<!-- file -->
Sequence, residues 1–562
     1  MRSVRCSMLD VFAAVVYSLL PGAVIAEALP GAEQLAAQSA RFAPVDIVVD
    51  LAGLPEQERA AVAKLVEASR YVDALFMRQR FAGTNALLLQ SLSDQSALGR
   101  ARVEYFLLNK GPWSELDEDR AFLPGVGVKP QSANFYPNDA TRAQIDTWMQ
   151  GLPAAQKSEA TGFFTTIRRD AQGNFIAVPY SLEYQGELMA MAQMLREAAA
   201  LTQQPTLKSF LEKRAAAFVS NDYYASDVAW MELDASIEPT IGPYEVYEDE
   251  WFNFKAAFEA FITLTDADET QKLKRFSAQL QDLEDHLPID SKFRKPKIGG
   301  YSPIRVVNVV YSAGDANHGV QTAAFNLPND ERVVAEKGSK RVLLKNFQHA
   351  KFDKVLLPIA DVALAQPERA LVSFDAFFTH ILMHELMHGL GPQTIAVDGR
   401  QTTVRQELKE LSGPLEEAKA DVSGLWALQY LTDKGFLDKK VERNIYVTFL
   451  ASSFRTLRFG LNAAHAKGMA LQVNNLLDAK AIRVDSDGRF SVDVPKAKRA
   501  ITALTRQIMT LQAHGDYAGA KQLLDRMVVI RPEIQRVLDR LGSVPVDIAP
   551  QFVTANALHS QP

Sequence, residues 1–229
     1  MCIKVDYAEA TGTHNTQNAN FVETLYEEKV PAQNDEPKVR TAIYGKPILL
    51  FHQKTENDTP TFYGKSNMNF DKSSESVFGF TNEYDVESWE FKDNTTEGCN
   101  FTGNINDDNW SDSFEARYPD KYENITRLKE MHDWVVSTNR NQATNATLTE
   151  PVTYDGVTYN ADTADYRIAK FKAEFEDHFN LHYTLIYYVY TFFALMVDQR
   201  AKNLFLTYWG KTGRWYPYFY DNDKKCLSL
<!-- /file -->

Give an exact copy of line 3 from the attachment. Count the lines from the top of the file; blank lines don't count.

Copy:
    51  LAGLPEQERA AVAKLVEASR YVDALFMRQR FAGTNALLLQ SLSDQSALGR